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LEE WINTER IS AN AWARD-WINNING
NEWSPAPER JOURNALIST AND IN HER
25-YEAR CAREER HAS LIVED IN
VIRTUALLY EVERY STATE OF
AUSTRALIA, COVERING COURTS,
CRIME, ENTERTAINMENT, HARD NEWS,
FEATURES, AND HUMOUR WRITING.
THESE DAYS SHE’S A SUB-EDITOR AT
A SUNDAY METRO NEWSPAPER, LIVES
WITH HER GIRLFRIEND OF 16 YEARS,
AND HAS A FASCINATION FOR SHINY
How would you describe The Red Files?
Lesbians, darling! Or, to be more specific, two
warring LA journalists forced to work together to
chase the story of a lifetime. It involves a road trip
to Nevada, snark, and seduction. Also a killer plot.
But mainly, lesbians!
What inspired you to write a novel about politi-
I’d argue it’s not really a political scandal. It
encompasses so much more than that. And this
meat in the lesbionic sandwich is why I wrote it. I
wanted a really powerful story that would stand
alone with or without the sexy sizzle. I wanted
a story that I would like to read, that would,
theoretically, be good enough to cross over to
mainstream because the central plot stood on its
own two legs.
It’s an old frustration of mine: Why should we be
shortchanged because we’re not straight? Don’t
lesbian readers deserve the same vast array of
choices of complex, intriguing storylines as their
straight counterparts get, not merely creative
ways to fling each other into bed? Not that there’s
anything wrong with that – as long as it’s just
one type of story for us among many. Anyway, I
combined the two – compelling plot, bed flinging.
Who’s your favourite character in The Red Files?
Catherine Ayers, the mysterious, beautiful, fallen
Washington bureau chief dumped on the social
writing round in LA. The vapid celebrity party cir-
cuit is pure hell for her. She’s become a bitter ball
of Armani-clad snark. Seeing her vicious tongue
unleashed and her aloof, caustic, screw-you-all
attitude makes me weak at the knees. Everyone
wants her. Me included.
What was your favourite part about writing The
Watching Ayers melt. Slowwwwly. And finding out
why she lost her political bureau chief job. Also,
there’s one awesome car chase, with Ayers’ rival,
Lauren, hauling ass like a pro behind the wheel
of her Chevy. That was super fun to write – and I
don’t even like cars!
Which scene in The Red Files was the hardest
for you to write?
There’s a scene where Ayers finally unravels and
explains to Lauren why she is the way she is. It was
so painful. I’d gotten so attached to her and I don’t
want any of my literary babies hurt. Especially not
the strong, icy ones. But it was necessary for her
What did you learn from writing this book?
How long it takes to write a book. Mine swallowed
every Sunday for 14 months. What rotten little
beasts. Who does this for a living? WHO?!
What are your favorite lesbian fiction novels?
I haven’t read enough of these to answer that.
Besides, my information is seriously out of date.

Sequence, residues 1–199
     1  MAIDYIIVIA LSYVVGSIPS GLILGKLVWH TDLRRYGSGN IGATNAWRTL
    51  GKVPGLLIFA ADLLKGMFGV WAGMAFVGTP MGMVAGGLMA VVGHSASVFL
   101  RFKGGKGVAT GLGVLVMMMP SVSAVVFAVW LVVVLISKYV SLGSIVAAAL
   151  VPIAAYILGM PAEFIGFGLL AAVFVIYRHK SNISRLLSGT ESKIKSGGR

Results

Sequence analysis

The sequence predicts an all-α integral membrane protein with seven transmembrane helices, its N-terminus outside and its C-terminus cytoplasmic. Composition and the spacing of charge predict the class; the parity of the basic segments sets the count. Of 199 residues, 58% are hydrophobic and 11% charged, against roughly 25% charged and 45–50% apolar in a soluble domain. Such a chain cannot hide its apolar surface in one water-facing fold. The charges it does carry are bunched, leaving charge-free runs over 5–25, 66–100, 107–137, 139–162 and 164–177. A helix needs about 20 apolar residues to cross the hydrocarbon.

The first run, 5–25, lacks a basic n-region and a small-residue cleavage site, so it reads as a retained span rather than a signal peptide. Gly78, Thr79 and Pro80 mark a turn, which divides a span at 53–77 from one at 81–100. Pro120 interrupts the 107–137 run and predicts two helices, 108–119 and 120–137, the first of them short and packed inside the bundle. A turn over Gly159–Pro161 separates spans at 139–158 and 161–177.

I last dove into lesbian fiction as a super-keen,
bright-eyed 19-year-old and bailed six months
later at the poor quality of plots and editing. I’ve
been told that there’s much better out there now.
I should really pull my finger out. I’m open to recs
as long as there’s a compelling story included
within the romance.
What do you do when you’re not writing?
I would love to say something noble. Rescuing
orphaned dogs. Running a Meals on Wheels
service. Investigating which superfood is the most
super. Alas, I’m good for sleeping, weeding and
computer gaming (the Fallout series rocks). I have
been known to indulge in boxing in the past –
actual boxing training with mooshed-in faces and
macho men (well, OK, office workers). And while
I have since given that away, I still have a mean
What can your readers expect next from you?
Readers can expect me to look thoughtfully at
the horizon while frowning. This should hopefully
incur inspiration to strike. If it does, there shall be
more words. I do have a bunch of shorter things
for Ylva Publishing (http://www.ylva-publishing.
com/) coming up. Can’t say too much, because I
haven’t written them yet.
THE RED FILES – BOOK BLURB
Ambitious Daily Sentinel journalist
Lauren King is chafing on LA’s vapid
social circuit, reporting on glamorous
A-list parties while sparring with her
rival – the formidable, icy Catherine
Ayers. Ayers is an ex-Washington
political correspondent who suffered
a humiliating fall from grace, and her
acerbic, vicious tongue keeps every-
one at bay. Everyone, that is, except
knockabout Iowa girl King, who is
undaunted, unimpressed and gives as
good as she gets.
One night a curious story unfolds
before their eyes: One business launch,
34 prostitutes and a pallet of missing
pink champagne. Can the warring pair
work together to unravel an incred-
ible story? This is a lesbian fiction with
more than a few mysterious twists.
Published by Ylva Publshing
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